A Helper to face a hostile world

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Sermon for Exaudi

Ezekiel 36:25-27  +  1 Peter 4:7-11  +  John 15:26-16:4

On Thursday we celebrated Christ’s ascension and His sitting down at the right hand of God the Father Almighty. The Lord Jesus has been highly exalted, and now He reigns over this world for the good of His body, the Church: to support and sustain those whom He has called out of darkness into His marvelous light, and to build His Church through the preaching of the Gospel. Christ was hated by the world when He came, and the world treated Him as it wanted. But now Christ is done with suffering. Now He has entered into glory.

But we are still in the world. The time of our glory hasn’t come yet. First we have work to do in this world—in this world that hates those who belong to Christ just as they hated Christ. Earlier in John chapter 15 Jesus told His disciples: If the world hates you, you know that it hated Me before it hated you. If you were of the world, the world would love its own. Yet because you are not of the world, but I chose you out of the world, therefore the world hates you. You see, it’s not that Christ ever hated the world. It’s that the world hated Christ. In the same way, it’s not that Christians hate the world. It’s that world hates Christians. Sometimes you can feel that hatred. Sometimes not. Sometimes Christians run away from that hatred by abandoning the doctrines that the world finds most offensive, and sometimes Christians become more worldly by adopting the customs, practices, and beliefs of the world. But those who would be true to Christ, true to His whole doctrine, those who put His doctrine into practice in the world will have many enemies here. It’s a hostile world toward Christians, and it always will be.

Our ascended Lord has not abandoned us here behind enemy lines. He went away, He ascended into heaven precisely in order to send us the help we need so much, as we’ve been discussing over these past few weeks. Christ promises to send us a Helper to face a hostile world.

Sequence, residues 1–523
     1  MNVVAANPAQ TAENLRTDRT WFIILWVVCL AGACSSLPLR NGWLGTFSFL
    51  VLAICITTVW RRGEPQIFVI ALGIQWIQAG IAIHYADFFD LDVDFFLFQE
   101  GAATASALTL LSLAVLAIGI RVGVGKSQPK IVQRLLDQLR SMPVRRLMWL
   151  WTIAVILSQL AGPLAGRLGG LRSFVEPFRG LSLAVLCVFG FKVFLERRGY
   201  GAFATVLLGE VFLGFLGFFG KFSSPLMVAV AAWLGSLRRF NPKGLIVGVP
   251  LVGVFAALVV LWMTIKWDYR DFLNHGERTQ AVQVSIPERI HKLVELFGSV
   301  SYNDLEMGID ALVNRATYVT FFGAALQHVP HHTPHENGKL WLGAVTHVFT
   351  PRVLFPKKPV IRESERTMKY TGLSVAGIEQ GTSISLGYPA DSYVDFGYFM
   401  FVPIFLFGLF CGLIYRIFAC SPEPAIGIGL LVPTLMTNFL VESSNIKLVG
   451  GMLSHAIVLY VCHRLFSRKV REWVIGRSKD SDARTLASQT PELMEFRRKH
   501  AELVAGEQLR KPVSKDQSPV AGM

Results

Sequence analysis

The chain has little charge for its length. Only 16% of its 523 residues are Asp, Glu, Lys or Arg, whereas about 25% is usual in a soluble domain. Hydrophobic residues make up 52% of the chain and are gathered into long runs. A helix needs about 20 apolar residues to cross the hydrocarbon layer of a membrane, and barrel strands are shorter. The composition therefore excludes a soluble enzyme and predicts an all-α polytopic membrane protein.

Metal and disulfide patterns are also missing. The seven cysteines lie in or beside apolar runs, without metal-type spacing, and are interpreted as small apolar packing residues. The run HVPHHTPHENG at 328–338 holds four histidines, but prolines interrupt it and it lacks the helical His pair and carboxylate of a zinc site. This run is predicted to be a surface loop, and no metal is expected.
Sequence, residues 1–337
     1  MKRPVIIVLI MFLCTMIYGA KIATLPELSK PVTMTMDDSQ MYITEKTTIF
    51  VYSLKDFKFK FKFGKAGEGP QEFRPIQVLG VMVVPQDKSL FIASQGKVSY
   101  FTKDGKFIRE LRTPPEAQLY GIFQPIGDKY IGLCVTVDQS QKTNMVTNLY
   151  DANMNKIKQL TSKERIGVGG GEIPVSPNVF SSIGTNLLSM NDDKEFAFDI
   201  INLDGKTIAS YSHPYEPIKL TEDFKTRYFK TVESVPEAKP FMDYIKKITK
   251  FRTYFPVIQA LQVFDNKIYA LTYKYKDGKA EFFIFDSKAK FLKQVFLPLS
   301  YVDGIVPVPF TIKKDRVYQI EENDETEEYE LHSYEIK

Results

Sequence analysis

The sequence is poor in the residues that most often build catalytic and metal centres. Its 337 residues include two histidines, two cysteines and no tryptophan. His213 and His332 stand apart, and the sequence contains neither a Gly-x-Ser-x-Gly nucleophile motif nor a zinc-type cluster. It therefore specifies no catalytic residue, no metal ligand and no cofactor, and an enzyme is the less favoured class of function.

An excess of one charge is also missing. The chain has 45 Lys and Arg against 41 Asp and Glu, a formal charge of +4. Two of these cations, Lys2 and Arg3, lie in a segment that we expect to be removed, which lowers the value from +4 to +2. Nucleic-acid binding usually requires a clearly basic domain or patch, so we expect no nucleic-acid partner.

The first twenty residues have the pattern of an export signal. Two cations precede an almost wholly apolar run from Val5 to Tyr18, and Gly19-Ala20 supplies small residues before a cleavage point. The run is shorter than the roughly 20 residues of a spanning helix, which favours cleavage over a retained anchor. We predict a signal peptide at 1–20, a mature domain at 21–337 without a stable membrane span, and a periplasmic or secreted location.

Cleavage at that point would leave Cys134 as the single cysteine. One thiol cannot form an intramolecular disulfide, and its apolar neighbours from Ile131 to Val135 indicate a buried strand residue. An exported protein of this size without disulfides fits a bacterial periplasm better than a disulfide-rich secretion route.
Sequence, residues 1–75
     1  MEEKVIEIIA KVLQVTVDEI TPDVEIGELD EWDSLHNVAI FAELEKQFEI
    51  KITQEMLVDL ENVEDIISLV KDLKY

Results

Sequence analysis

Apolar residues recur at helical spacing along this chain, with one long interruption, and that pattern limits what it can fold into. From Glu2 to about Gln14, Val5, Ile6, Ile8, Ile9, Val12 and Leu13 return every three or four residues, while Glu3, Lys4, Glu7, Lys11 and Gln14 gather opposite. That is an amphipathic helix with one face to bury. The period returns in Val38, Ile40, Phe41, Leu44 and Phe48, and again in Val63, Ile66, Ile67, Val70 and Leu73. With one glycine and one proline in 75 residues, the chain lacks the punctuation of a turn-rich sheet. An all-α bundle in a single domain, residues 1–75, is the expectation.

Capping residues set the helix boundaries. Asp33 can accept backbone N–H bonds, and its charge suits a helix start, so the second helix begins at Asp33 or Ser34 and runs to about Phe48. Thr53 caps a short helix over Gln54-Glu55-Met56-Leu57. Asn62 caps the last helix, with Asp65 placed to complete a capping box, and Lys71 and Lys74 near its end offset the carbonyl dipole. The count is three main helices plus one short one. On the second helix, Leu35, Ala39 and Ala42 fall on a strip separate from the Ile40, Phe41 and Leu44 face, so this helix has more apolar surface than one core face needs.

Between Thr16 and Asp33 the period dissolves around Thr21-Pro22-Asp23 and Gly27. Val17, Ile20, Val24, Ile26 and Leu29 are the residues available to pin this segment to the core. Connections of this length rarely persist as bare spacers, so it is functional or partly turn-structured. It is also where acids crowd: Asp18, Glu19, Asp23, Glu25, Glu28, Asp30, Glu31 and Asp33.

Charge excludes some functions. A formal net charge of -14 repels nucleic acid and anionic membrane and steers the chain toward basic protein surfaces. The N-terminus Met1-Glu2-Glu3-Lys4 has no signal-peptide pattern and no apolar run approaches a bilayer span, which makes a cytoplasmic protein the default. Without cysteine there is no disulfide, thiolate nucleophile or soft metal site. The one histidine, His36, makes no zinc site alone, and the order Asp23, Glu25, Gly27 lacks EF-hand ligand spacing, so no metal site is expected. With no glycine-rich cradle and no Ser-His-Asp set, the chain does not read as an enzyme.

When the Helper comes, whom I shall send to you from the Father, the Spirit of truth who proceeds from the Father, He will testify of Me. And you also will bear witness, because you have been with Me from the beginning. Christ kept this promise. Ten days after He ascended into heaven, He poured out His Holy Spirit on His believers in Jerusalem. We’ll celebrate the coming of the Helper next Sunday on the Festival of Pentecost.

How did the Spirit of truth who proceeds from the Father and the Son testify of Christ? He confirmed the believers in their faith. And He taught them what they needed to know and understand about Christ so that they understood the Scriptures that were written about Him and how He had fulfilled the Scriptures in every way, especially by His suffering for sin, His crucifixion and His resurrection from the dead. And the apostles did bear witness, from the Day of Pentecost until the day of their final testimony, their martyrdom. They bore witness to Christ and have left behind for us the whole New Testament as the inspired testimony of the Holy Spirit.

But these words also apply to us who have been brought to faith by the testimony of the apostles that has come down to us through the ages. The Holy Spirit is promised as a gift to all the baptized, as Peter said on the day of Pentecost, “Repent and be baptized in the name of Jesus Christ for the remission of sins; and you shall receive the gift of the Holy Spirit.” The same Spirit of truth speaks to us and, as St. Paul writes to the Romans, “bears witness with our spirit that we are children of God.” By this testimony, He enables us to remain steadfast in faith and love in the face of the world’s hatred. He guides us to know the truth and renews us so that we become more and more like Jesus Christ. We’ll say more about the Spirit’s work next week.

As for our testimony, it’s different than that of the apostles. Jesus says His apostles would bear witness “because you have been with Me from the beginning.” We don’t bear witness about the things we’ve seen and heard from Jesus; we weren’t with Him from the beginning. We bear witness about the things we’ve been taught by the apostles (and prophets).